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Wisden Cricketers' Almanack 2013 Hardcover – 11 Apr 2013


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The Shorter Wisden
"The Shorter Wisden" on Kindle
The Shorter Wisden is a compelling distillation of what's best in its bigger brother. It includes the influential Notes by the Editor, front-of-book articles, reviews, obituaries and England's Tests from the 2012 season.

Product details

  • Hardcover: 1584 pages
  • Publisher: Wisden; 150 edition (11 April 2013)
  • Language: English
  • ISBN-10: 1408175657
  • ISBN-13: 978-1408175651
  • Product Dimensions: 10.9 x 5.4 x 16.1 cm
  • Average Customer Review: 4.5 out of 5 stars  See all reviews (88 customer reviews)
  • Amazon Bestsellers Rank: 39,144 in Books (See Top 100 in Books)

Product Description

Review

As comprehensive and opinionated as ever. Independent on Sunday Wisden-omaniacs measure out their life in Test matches and sodden trips to county grounds, and the book becomes a form of autobiography. It captures a world in a single, squat volume, and for a moment allows us to forget that time must move on. -- Stephen Moss Observer Part of the establishment, yet prepared to challenge the establishment, Wisden has earned the respect and affection of every serious sports fan. In its 150th year, that iconic yellow jacket still marks a fixed point in a disorderly world. -- Simon Briggs Daily Telegraph After 150 editions, Wisden Cricketers' Almanack shows little sign of leaving the crease. The daddy reigns supreme. The Times The modern Wisden is a marvel of accuracy and inclusiveness -- John Woodcock The Times Nothing beats the reassuring thud on the doormat in April when Wisden lands, as a harbinger of the season to come and a reminder of seasons gone. -- Mike Atherton The Times Each Wisden, once acquired, is not just for a season, it is for life, a treasure to be used as research, diversion or, in its nicely fading yellow jacket, pure decoration. -- Alan Lee The Times A truly unique sporting institution -- Matthew Engel Financial Times A shelf-full of Wisdens is a sign of civilisation and a curious mind. -- Patrick Kidd The Times The 150th Wisden is a wonderful read... a treasure trove of superb writing Sunday Express Wisden allows me to dream New Statesman Worthy of a place on every sport lover's bookcase The Pink (Bournemouth) Vital if you're the kind of person who leaps from their chair at the dinner table and marches into the next room demanding to clarify what year Graham Gooch finally dropped David Gower. -- Mile Jupp Saga More reliable than a swallow, the sight of a new Wisden on the shelves is proof summer is here. Living North A 150-year-old book that draws in the profound and the absurd as well as the venerable and the modern, the meaningful and the inconsequential. It asks few favours. In words and numbers Wisden intelligently records cricket as it has been and as it is. The Cricketer The charm is in the incidental detail. -- Adrian Tahourdin TLS It's wonderful to delve into. Daily Express So encyclopedic is the Wisden annual's coverage of each season that every type of cricketer, from IPL millionaire star to trundler to abysmally bad author, can be found somewhere in its pages. Oldie The sport's leading chronicle International New York Times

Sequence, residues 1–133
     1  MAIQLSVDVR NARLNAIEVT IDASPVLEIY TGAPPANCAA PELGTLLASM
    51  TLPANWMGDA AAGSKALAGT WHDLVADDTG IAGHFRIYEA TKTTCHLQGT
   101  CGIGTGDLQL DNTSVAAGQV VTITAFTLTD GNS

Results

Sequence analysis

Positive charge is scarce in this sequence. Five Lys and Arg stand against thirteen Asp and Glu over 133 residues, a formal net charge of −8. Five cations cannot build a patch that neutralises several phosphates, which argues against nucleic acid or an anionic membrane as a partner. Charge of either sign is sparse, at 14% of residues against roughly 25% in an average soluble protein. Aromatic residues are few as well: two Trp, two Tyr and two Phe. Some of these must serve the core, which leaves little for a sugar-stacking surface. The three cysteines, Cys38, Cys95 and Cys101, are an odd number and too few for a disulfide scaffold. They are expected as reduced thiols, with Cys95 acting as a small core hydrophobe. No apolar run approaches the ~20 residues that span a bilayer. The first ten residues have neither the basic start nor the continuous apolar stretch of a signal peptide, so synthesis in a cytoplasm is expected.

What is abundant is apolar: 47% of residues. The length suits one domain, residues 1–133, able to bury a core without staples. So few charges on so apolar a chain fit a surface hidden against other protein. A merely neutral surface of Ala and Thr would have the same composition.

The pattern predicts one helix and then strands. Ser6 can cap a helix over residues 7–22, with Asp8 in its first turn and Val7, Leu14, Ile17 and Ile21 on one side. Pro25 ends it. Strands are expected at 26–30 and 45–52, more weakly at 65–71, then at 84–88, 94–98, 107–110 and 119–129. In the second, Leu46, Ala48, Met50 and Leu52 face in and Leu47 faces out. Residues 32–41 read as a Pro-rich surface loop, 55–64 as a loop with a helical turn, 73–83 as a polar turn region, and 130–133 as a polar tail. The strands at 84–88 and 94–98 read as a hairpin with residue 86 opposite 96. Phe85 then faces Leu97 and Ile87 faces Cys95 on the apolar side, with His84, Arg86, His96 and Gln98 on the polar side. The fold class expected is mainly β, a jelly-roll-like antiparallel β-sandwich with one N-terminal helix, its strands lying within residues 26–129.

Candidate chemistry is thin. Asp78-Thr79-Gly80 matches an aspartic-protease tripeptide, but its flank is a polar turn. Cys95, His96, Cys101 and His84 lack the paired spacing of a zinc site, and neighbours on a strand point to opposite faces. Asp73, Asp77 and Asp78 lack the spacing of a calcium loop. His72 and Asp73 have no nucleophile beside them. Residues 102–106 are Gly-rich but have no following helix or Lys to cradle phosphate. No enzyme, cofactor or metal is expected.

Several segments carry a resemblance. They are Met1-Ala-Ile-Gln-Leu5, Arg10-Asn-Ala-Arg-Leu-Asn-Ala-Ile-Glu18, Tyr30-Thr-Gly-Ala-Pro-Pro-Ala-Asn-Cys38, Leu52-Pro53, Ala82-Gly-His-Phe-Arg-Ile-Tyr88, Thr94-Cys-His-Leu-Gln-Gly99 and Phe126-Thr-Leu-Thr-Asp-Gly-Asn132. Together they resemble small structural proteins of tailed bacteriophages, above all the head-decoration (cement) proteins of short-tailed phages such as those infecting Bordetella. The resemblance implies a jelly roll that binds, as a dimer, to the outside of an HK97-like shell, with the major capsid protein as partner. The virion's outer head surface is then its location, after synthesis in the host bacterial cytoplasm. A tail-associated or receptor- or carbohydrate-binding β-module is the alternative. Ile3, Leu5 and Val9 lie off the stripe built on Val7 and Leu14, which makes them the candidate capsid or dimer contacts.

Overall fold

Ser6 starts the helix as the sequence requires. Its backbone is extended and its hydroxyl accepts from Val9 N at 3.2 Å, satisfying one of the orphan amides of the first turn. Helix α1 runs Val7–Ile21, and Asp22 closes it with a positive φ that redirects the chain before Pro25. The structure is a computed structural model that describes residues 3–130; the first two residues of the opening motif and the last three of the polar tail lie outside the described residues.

About the Author

This is Lawrence Booth's second year as Editor of Wisden. He is also cricket writer for the Daily Mail and author of several critically acclaimed cricket books. He is one of the most respected and well liked authorities in the modern game.

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Most Helpful Customer Reviews

12 of 13 people found the following review helpful By ACB(swansea) TOP 50 REVIEWER on 12 April 2013
Format: Hardcover
This publication is always eagerly awaited but perhaps more so being its 150th edition. I don't doubt that this will mean more to the fans who have bought before. This time, however, we have not only the worldwide statistics and records but essays of figures and events that have influenced the game. My recollections go back to the 'Fifties' when cricket was politely applauded. The game now has catapaulted into a financial world. Wisden, and its editor, have kept a realistic and objective view of events.

The remarkable expansion of global television coverage started with the Packer era but to my mind the crucial event was the Basil D'Oliveira political storm. I was right behind the MCC, but of course it opened the floodgates for comercialism. These are carried throughought the book. The expansion of technology, corruption, and the popularity of the shorter forms of the game are here including the influential IPL with its auction for players and supernational mass market appeal. There is little written of 20/20 cricket. Attractive to many and if a lead for youngsters into the game, fine, but the nitty-gritty of a 5 day test match still is my thrill.The presentation is first class as are the ingredients. A more than life time joy but send it out before the first ball is bowled in county matches, please.